By now, most of us will be familiar with Burger King's misstep with its International Women's Day marketing stunt. The brand has since apologised for the tweet on 9 March, and deleted it an hour later. However, according to Burger King's global CMO, Fernando Machado, the removal of the tweet was not in its initial plans.
In one of Machado's reply to Twitter users when the initial backlash happened, he said that although Burger King is sorry about how the message came across and will be issuing an apology, "taking it down would give even more attention to it". He added that the decision to not remove the tweet was not an issue of giving the company a bad look. "If that were the issue, we wouldn't issue an apology," he explained.
In a separate reply, Machado said the intention behind Burger King's activity is actually good, but the format in which it was portrayed on Twitter was not ideal.
"I take full responsibility. I don't think we should have tweeted that headline in isolation. Because no one read threads on Twitter. The intent behind this activity was [different]. And it is a shame it didn't go the way we wanted in UK," Machado added.
Burger King ran print and social media ads with a large headline "Women belong in the kitchen", followed by a smaller font stating that only 20% of chefs are women, and Burger King looks to change the gender ratio by empowering its female employers. However, when adapted onto Twitter, the company tweeted the phrase "Women belong in the kitchen" in isolation first, before adding in a second tweet its real intention of promoting its scholarships that aimed to help women interested in culinary to become chefs. This risked many netizens only seeing the first tweet, and misconstruing Burger King's message.
According to data from Meltwater, there were approximately 64.2k mentions of Burger King in the past week, of which 23% were negative while only 8% were positive. Across the different online platforms, Twitter saw the highest number of negative sentiments at 14,083. This was followed by Facebook and Reddit, which saw a significantly lower number of 218 and 499 negative sentiments respectively.
Meanwhile, data from social media monitoring company Digimind found that online conversations mostly meandered along the topic of whether or not the tweet had the board’s approval, if not postulating the reaction of the agency or social media manager responsible. Netizens were also quick to chastise the brand by recalling a previous International Women's Day campaign stunt in 2017, where the brand changed its iconic name to “Burger Queen” for just a day, as if to pander to a “woke” community by some way of virtue signalling.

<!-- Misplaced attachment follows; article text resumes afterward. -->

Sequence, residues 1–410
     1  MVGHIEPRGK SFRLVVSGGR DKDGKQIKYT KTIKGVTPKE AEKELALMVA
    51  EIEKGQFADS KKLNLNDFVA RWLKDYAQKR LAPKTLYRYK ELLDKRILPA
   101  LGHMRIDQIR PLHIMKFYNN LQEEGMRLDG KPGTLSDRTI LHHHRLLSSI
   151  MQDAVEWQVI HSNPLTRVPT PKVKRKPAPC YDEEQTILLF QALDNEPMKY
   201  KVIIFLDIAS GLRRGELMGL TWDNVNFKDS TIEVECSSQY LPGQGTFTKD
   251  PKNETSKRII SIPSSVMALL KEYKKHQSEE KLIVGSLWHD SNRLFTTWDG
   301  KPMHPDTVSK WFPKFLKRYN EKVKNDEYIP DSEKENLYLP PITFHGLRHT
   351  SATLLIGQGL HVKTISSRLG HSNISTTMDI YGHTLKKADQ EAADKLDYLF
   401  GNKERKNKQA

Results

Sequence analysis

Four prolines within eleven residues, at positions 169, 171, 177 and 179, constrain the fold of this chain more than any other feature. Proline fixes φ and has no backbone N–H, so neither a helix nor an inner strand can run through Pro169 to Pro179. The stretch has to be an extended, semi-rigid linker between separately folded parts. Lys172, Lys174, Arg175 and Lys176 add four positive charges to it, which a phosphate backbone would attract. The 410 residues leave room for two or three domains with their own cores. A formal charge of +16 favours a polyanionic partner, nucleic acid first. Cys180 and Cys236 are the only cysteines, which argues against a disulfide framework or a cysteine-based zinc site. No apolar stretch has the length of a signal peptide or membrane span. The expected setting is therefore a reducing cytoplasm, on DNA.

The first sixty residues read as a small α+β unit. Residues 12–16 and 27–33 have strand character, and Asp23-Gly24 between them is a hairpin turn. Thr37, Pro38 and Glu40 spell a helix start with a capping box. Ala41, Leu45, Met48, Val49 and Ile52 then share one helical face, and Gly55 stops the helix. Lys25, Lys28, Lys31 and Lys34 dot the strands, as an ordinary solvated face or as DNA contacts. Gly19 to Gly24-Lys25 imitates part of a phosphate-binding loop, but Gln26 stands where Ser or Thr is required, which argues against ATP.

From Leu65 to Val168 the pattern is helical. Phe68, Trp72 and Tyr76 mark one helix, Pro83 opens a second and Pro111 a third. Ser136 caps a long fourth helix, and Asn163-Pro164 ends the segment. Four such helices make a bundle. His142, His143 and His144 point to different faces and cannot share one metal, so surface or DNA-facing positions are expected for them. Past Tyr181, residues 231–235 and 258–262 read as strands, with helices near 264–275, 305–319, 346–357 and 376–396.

However, barring the negativity that besieged the campaign, Digimind's data saw that there were also netizens who recognised Burger King’s intention to empower women at the end of the day, regardless of how distasteful the expression was in delivery. Additionally, amidst Burger King's spike in mentions on 9 March, only 15.2% was attributed to the backlash from its tweet.
Burger King eventually decided to delete the original tweet came after it was brought to attention that there were sexual abusive comments in the thread. According to a Twitter user, another user had called her "the c-word" in one of Machado's replies. While Machado admitted that he did not see it, he acknowledges the incident must have been awful. Soon after, Machado said Burger King will be removing the tweet, thanking the user for highlighting the fact that there was abuse going on in the thread. He further emphasised that the company is "fighting the good fight".
"I know this one didn't go well. But the intentions are good. And I hope time shows that," Machado added.
A quick check by MARKETING-INTERACTIVE showed that Burger King's ad on Facebook and Instagram are still up, although netizens have also raised their unhappiness that the line "Women belong in the kitchen" was used. One netizen said in response to Burger King's Facebook post that although she understood the intention, using "clickbait that furthers a harmful, misogynistic narrative misses the mark and ultimately does more harm than good".
Many other netizens also criticised Burger King's marketing team for the ad, with one advising the team: "don’t take a derogatory term and try to make it into a marketing movement". Another netizen pointed out that using that line that was deemed "sexist" can bring a different tone to the scholarships Burger King is offering. "[Are you] giving scholarships to put women back in the kitchen? or giving scholarships to empower women in a career?!! there is a HUGE difference!" the netizen said.
Besides attracting attention from online users, Burger King's Twitter post also saw competitor KFC showing its disapproval. In reply to Burger King's original tweet, KFC's gaming arm tweeted an image of Colonel Sanders pointing to the words: "The best time to delete this post was immediately after posting it. The second best time is now." on a canvas. KFC Gaming subsequently took a jab at Burger King's attempt, and posted a similar tweet on its Twitter platform that started with "Women belong in gaming". However, unlike Burger King, KFC Gaming continued in the same tweet, thanking all the "writers, actors, producers, CEOs and more who played a part in creating games that are enjoyed every day".
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